The UK’s accession to the Comprehensive and Progressive Agreement for Trans-Pacific Partnership (CPTPP) is a historic achievement for the Government and a triumph for the International Trade Secretary, Kemi Badenoch. The deal grants British businesses privileged access to a rapidly-growing market, as part of a bloc that is likely to play an increasingly significant role in combating China’s efforts to dominate the Asia-Pacific. At last, we are beginning to see the practical benefits of Brexit.
Not according to those still unreconciled to Britain’s exit from the EU, however. They pounced on government forecasts that showed that joining the CPTPP will only boost the UK economy by 0.08 per cent to declare the deal essentially worthless. Shamefully, this was even the headline of the BBC’s report on the agreement.
Aside from the geopolitical myopia of swathes of the Remainer elite, a large part of the problem is the nature of official forecasting. It would hardly be an exaggeration to say that, according to bodies such as the Office for Budget Responsibility, the only possible way to grow the economy is to admit even more immigrants or rejoin the EU. They have been criticised for assuming that some obviously pro-prosperity measures – such as cutting taxes on businesses and entrepreneurs – have a negligible impact on economic growth.
It is little wonder, then, that such predictions are so frequently wrong. When it comes to the CPTPP, it is likely that government forecasts have been skewed by an overreliance on the “gravity” model of trade, in which geographic proximity is seen as having a preeminent influence on trade volumes between countries. Little matter that, increasingly, trade is less about physical goods and more about intangible services. It is obvious that the CPTPP is a bloc with extraordinary upside potential.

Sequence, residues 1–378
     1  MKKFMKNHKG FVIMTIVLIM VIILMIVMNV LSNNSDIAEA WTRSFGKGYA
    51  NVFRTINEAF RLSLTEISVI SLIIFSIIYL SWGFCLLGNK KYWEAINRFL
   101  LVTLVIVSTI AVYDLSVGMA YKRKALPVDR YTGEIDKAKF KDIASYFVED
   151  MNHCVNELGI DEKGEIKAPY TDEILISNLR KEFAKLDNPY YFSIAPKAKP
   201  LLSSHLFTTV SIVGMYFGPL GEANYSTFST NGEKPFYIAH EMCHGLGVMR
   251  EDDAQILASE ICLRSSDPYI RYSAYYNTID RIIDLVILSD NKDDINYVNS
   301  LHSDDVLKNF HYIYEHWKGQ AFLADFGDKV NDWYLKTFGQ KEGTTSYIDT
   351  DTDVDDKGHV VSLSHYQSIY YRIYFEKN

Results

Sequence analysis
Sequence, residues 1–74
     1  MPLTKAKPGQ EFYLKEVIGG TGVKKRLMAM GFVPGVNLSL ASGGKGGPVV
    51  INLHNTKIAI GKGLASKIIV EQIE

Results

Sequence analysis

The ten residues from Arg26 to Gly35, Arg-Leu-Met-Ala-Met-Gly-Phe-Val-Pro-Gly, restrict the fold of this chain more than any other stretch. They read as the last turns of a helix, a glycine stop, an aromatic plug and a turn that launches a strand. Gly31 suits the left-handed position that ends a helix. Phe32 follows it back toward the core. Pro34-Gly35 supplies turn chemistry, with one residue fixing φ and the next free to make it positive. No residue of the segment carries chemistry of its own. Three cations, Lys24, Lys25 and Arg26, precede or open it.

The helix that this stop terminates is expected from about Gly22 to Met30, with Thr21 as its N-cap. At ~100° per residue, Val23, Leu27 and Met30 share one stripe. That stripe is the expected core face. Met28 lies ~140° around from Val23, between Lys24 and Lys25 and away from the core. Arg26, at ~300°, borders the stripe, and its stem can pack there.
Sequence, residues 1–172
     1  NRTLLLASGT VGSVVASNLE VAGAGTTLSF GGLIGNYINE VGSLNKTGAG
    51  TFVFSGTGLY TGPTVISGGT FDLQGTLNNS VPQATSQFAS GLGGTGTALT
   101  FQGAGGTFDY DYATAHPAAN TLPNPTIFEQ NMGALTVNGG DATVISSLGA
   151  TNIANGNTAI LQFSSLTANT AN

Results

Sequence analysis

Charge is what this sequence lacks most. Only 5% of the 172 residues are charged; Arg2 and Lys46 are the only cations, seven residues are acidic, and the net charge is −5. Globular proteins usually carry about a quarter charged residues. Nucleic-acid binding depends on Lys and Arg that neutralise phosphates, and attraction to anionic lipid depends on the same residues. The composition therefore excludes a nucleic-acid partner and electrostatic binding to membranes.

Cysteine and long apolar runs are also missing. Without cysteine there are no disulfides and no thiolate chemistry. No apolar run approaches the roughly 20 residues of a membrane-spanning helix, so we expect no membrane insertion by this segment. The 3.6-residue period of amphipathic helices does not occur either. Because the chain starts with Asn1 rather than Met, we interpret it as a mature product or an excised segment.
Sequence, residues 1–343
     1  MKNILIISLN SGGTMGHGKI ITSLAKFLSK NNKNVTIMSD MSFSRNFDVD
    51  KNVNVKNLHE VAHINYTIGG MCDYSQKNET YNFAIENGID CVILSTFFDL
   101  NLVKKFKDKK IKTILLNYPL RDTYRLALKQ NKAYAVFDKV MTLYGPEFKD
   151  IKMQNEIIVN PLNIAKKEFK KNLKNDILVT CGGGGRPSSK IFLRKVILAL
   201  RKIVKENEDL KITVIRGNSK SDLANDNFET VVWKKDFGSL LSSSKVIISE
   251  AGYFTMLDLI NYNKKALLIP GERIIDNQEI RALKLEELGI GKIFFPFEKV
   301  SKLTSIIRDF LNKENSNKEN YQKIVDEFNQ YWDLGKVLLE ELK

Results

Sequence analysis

It is welcome that senior politicians have begun to criticise how these forecasts are put together, as well as the excessive reliance that some ministers put on them. The economics establishment does not have oracular powers. Nor is its work meant to be anything more than a guide to policy-making: as in the case of the CPTPP, politicians have to make their own judgments about the benefits of particular decisions. But it is clear that reforming the broken architecture of official forecasting can no longer be put off. Technocratic groupthink is holding Britain back.